Entryway wood and pipe hanging bar (Part 2)

August 10, 2015:  At last! Part 2 of my entryway wood and pipe hanging bar project.

I started this project three weeks ago (on weekend of July 4th on a crafting and shelf building blitz). I had to build my mother, Xenia her rope hanging shelf (and a second rope hanging shelf for my bathroom) first. Then I got busy with the Ana White inspired wood and pipe hanging bar and organizer project (which I completed the following weekend on July 12).

Here I am posing with the completed hanging bar and organizer set.

Here’s the twist! Turns out that my mother fell in love with my second project as well! And she asked if I can make her one for her Brooklyn home. She and my brother Mal was in town last week to attend my cousin’s baby shower event and, like the good daughter I am, I gave Xenia the hanging bar and organizer to take back up to Brooklyn. So I watched it leave last weekend to head up north. Time to make another one.

So here I am (on July 25), sanding more wood for the pipe bar mount on the balcony.

I decided that I wanted a longer hanging bar for the entryway. So rather than a 48″ long bar, I’m making one that is 64″ in length total. A 64″ wood mount with a 60″ pipe hanging bar.

Details on how this is made is in the Part 1 post. But here’s a quick summary on the steps (illustrated below):

  • Step 1: Sand, stain and condition the 1″ x 6″ pipe board for the pipe bar mount.

I like the Minwax Early American wood stain for most of my wood projects. But I added an extra step this time around. I’m conditioning the stained wood with rejuvenating oil to give it a nice, luster sheen.

I took my time with this step while enjoying morning coffee. I just love the look of beautifully stained wood. And I did a pretty good job with the sanding – no swirlies. I’m turning into a hand sanding advocate.

Sigh…just lovely.

OK, one more sip and on to pipe assembly.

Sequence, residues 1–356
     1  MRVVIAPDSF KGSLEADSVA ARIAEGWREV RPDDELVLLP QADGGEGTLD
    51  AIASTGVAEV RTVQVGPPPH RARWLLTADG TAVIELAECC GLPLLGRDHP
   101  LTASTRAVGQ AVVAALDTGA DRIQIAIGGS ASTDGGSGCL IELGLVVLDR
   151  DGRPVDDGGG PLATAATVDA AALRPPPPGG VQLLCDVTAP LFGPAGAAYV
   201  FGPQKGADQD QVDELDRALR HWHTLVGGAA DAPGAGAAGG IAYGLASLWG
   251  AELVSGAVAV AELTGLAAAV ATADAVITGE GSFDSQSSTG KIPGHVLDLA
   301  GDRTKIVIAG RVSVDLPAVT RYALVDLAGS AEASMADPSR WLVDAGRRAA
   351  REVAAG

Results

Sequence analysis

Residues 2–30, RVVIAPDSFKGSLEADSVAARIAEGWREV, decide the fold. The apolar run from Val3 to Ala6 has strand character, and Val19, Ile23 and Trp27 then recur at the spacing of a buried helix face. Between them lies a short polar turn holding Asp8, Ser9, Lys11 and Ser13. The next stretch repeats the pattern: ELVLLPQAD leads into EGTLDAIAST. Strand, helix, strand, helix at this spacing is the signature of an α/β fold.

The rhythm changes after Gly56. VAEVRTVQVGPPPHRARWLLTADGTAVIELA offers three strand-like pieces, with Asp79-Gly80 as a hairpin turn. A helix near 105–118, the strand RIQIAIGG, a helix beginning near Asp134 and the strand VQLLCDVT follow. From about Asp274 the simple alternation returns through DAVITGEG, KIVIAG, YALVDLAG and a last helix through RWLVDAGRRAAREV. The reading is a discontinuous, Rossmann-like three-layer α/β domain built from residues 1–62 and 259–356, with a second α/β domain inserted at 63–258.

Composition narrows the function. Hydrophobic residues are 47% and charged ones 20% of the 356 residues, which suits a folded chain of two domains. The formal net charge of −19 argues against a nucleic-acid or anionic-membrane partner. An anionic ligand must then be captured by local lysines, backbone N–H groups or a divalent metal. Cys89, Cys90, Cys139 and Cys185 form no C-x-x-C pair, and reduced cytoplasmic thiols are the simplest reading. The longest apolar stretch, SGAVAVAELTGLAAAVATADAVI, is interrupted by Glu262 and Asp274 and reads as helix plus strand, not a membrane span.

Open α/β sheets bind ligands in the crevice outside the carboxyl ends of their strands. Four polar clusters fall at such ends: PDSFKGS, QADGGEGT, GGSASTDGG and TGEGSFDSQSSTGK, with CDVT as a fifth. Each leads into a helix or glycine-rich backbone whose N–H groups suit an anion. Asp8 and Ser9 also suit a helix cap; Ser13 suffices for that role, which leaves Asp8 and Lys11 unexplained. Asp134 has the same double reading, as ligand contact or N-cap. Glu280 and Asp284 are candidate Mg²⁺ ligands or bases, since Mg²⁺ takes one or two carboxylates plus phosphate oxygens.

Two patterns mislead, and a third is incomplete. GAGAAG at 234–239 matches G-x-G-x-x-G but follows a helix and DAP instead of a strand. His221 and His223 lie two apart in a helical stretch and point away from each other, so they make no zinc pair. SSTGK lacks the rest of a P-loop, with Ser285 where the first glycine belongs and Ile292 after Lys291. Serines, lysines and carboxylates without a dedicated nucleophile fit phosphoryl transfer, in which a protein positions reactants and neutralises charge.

• Step 2: Assembly the hanging bar (threaded pipe, elbows, close nipples and flanges).

Putting the 60″ 1/2″ diameter pipe aside, I reached for a set of flanges and close nipples.

I screwed the close nipple into the flange…

…and screwed the other end of the close nipple into a 90 degree elbow (which connects to each end of the threaded pipe).

And here we have a fully assembled pipe hanging bar. Insanely easy folks. Takes about 5 minutes to complete.

  •   Step 3: Add the pipe hanging bar to the wood mount.

So here’s how the 64″ piece is shaping up so far. Time to attach the pipe hanging bar to the wood.

Here are my tools for completing this step.

  • S Hooks (3″ or 7,6 cm size)
  • Wood screws (Size 10, 3/4 inch)
  • Power drill (for pre-drilling holes)
  • Screwdriver

A couple of quick notes on the supplies. For the wood screws, get the 3/4″ flat heads.

Since we’re dealing with 1″ thick wood, these will be sure not to poke through the other side.

Position the pipe hanging bar flanges on the wood, then use a chalk marker or pencil to mark the holes.

Make pilot holes (roughly 5/32 size) using the hole marks. When it’s time to add the hanging bar, attach to the wood using the wood screws.

  • Step 4: Mount the wood and pipe hanging bar.

Sigh…I always save the hardest step for last.

First, I took the Pottery Barn wall entryway organizer off the wall.

I then measured where I want the 64″ wood board to go on the wall. I marked the location using tape. And re-hung the wall organizer.

So, for this mount, there are no wall studs! I repeat…NO WALL STUDS. This building was constructed in the mid-sixties, so instead of wood studs and drywall, I’m dealing with plaster and steel. So toggle bolt anchors are a must.

The upside is that I can mark my mount points directly on the wood board, and then pre-drill the holes.  Then use those holes as a guide for where to drill the holes on the wall for the mount.

To mark and pre-drill holes on the wood, I temporarily removed the hanging bar.

Using a tape measure to pinpoint the location for mount points…

…I marked off the rows where I will drill holes with painters tape.


I used chalk marker to mark a spot for each pre-drill hole on the tape. I spaced each hole roughly 13″ apart.

Once I had both rows of pre-drill marks added to the board…

…I pre-drilled holes at each hole mark using a 1/4″ drill bit.

Condo crafting at its best. Yes, I’m using two dining room chairs as my work bench. 😉

So…time to mount it?! Heck no! That’s enough work for this weekend! I’ve got to get back to the world of Sunday grocery shopping, errands, work week prep, dinner, etc. But I’m determined to get this puppy up soon. Will tell you all about the mount in Part 3. V-


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